When the mercury drops business picks up for Capital Control Systems, said Rick Lepe, owner of the Carson City-based company that installs and repairs heating and cooling systems.
And while Lepe said he's seen a jump in business as temperatures reached double-digit negative numbers in some parts of the region this week, he said people have become increasingly cost conscious in this economy.
"In the old days they'd say, 'Just give me a new furnace' or, 'Go ahead and fix it, whatever it costs,'" Lepe said. "Now it's like, 'I only have X amount of money ... we just need you to limp it along, the bare minimum."
Still, "when you have no heat at all, you got to have something," Lepe said. "It's now a matter of survival. People don't have to have air conditioning, but you have to have heat."
Lepe, who grew up in Carson City, said he got into the heating and cooling business 22 years ago after attending a technical college in Arizona. He decided to stay in the capital because of its central location in Northern Nevada near Reno, Gardnerville and Lyon County.
"So it was just perfect for me to live here," Lepe said. "It's home, it's where I raised my family. ... There are so many contractors in Reno - I don't want to be another contractor."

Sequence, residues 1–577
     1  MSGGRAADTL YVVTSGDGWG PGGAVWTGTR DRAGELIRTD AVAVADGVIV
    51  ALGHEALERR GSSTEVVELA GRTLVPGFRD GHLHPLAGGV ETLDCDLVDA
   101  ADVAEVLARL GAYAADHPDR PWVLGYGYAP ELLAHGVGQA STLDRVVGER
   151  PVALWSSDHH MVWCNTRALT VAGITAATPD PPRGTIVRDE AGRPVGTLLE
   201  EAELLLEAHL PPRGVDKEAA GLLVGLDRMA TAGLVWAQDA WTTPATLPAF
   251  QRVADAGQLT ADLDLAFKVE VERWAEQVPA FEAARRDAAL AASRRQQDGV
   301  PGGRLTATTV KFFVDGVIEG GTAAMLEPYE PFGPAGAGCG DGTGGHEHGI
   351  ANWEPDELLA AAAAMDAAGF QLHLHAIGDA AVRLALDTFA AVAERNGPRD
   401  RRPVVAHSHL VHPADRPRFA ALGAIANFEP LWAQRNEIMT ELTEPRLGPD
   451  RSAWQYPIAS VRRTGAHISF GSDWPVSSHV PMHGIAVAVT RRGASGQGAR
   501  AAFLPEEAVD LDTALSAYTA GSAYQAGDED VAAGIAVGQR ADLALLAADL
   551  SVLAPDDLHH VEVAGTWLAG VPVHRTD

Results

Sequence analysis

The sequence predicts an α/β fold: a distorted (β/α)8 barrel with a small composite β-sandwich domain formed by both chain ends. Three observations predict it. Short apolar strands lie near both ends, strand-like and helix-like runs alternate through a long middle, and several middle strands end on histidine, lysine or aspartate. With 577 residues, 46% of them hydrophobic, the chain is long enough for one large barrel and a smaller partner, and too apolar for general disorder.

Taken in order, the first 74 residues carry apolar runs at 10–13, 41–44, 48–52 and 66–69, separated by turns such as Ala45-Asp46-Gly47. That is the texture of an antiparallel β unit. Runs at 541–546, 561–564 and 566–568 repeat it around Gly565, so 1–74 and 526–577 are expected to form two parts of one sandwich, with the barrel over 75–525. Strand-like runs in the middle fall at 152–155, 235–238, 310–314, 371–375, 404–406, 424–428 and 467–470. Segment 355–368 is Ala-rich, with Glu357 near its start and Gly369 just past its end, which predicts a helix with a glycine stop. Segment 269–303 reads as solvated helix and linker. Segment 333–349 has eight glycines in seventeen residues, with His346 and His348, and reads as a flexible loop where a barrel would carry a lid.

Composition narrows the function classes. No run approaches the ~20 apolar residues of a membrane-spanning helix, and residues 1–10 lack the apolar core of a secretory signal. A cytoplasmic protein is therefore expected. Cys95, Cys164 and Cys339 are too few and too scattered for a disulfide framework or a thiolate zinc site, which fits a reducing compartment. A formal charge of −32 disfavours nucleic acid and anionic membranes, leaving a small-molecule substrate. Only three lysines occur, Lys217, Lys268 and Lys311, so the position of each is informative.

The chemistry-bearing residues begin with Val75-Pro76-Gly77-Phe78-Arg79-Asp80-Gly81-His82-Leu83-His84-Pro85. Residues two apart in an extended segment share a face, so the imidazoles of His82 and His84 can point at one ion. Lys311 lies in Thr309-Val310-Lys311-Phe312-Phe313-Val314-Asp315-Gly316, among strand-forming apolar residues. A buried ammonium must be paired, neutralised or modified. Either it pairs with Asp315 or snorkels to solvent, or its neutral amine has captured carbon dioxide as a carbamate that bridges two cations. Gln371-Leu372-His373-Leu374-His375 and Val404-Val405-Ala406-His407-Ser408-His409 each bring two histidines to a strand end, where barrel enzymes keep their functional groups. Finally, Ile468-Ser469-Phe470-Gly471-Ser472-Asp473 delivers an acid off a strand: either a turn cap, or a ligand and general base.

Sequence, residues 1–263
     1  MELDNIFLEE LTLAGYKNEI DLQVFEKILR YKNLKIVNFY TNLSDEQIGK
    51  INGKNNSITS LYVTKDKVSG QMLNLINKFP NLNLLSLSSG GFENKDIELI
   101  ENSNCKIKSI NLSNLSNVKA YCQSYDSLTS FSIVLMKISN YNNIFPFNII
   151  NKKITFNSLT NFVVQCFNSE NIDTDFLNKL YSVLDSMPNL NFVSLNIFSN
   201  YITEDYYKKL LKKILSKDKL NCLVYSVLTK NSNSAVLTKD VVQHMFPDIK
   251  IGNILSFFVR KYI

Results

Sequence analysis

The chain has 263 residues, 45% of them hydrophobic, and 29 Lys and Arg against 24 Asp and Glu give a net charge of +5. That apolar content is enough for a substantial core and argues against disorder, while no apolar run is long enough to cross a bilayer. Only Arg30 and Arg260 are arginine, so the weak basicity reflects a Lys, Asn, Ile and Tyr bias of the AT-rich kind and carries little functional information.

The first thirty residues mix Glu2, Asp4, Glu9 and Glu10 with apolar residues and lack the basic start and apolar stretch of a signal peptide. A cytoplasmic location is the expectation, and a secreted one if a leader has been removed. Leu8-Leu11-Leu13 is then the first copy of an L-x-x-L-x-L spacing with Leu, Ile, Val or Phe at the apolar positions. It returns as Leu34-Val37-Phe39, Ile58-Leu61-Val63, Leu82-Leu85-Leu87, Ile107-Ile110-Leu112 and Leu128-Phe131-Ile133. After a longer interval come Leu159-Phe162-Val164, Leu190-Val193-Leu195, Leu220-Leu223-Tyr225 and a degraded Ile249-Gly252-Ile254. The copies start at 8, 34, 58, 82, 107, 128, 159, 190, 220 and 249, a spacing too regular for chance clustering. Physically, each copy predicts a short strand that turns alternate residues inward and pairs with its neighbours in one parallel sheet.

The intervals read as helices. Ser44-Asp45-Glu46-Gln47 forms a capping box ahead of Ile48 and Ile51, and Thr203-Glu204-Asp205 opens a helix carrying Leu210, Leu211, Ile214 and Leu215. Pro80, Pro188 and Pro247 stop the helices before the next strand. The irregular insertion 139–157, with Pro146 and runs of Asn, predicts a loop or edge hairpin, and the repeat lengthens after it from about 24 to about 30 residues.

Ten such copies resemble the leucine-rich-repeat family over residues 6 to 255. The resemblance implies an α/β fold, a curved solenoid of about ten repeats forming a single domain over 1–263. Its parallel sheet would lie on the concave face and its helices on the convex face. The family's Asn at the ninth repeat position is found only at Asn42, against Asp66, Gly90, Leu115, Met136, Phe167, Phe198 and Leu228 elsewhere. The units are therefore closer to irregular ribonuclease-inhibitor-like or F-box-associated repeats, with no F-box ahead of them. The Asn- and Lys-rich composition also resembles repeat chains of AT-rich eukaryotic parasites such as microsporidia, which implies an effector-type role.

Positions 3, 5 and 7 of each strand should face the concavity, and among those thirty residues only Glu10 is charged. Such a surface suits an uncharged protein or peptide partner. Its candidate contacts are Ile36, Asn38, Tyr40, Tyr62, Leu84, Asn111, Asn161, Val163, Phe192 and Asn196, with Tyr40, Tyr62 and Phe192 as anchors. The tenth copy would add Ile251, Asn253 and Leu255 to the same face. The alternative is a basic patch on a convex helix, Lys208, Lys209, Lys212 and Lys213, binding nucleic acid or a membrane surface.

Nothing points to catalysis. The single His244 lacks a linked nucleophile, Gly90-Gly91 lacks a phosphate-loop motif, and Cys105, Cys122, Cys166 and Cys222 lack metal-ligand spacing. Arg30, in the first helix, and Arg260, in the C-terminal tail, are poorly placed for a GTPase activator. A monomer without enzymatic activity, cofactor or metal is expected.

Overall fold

Lepe opened Capital Control Systems in 2005, specializing in heating, air conditioning and control system installation. He eventually expanded the business to do more electrical work and green energy installation.
In 2007, the company was purchased by Las Vegas-based A1 Mechanical, which Lepe said gave the company the resources to do larger projects, such as shopping markets and high schools.
But after a record year for the company in 2008, which included 35 employees and $2.7 million in business, things made a dramatic turn in 2009.
In August, A1 Mechanical decided to end its Northern Nevada presence as a result of a frozen construction market, but helped Lepe restart his original business. This year, with seven employees, Lepe said Capitol Control Systems is poised to do about $1.5 million in business.
"Obviously construction is way down from where it was in past years, but we're mainly focusing on service," Lepe said. "Heating, air conditioning service as well as the electrical service."
Lepe said it all comes down to good work.
"The word spreads faster here if you do bad work than if you do good work," he said.
Lepe's company also installs green technologies, such as solar panels and windmills, for homeowners who are willing to make the investment to decrease a carbon footprint or power bill.
"You could completely customize it and the sky's the limit," Lepe said. "These systems are getting more affordable, but they're still out of reach for the normal, middle income family."
Lepe said a federal $1,500 tax credit for green energy investments has helped, adding the technology likely will come down in price in the next five to 10 years.
But given the amount of energy Americans are consuming, Lepe said the first place to save energy and money is by living more efficiently.
"The biggest thing I tell people is we can really save them money," he said. "But the first place they have to look is ... at themselves to really conserve energy."